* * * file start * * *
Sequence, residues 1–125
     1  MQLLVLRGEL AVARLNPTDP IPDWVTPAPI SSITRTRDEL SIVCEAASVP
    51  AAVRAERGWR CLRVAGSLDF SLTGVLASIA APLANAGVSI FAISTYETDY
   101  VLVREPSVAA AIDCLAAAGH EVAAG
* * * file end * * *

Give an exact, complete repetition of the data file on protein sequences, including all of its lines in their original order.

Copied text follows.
Sequence, residues 1–125
     1  MQLLVLRGEL AVARLNPTDP IPDWVTPAPI SSITRTRDEL SIVCEAASVP
    51  AAVRAERGWR CLRVAGSLDF SLTGVLASIA APLANAGVSI FAISTYETDY
   101  VLVREPSVAA AIDCLAAAGH EVAAG